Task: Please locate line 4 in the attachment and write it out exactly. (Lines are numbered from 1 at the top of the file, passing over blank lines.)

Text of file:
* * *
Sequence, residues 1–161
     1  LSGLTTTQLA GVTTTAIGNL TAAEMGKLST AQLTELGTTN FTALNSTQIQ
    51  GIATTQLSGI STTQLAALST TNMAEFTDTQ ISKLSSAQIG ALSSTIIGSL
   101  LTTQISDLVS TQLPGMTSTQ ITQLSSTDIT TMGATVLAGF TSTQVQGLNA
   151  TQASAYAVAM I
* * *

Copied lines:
   101  LTTQISDLVS TQLPGMTSTQ ITQLSSTDIT TMGATVLAGF TSTQVQGLNA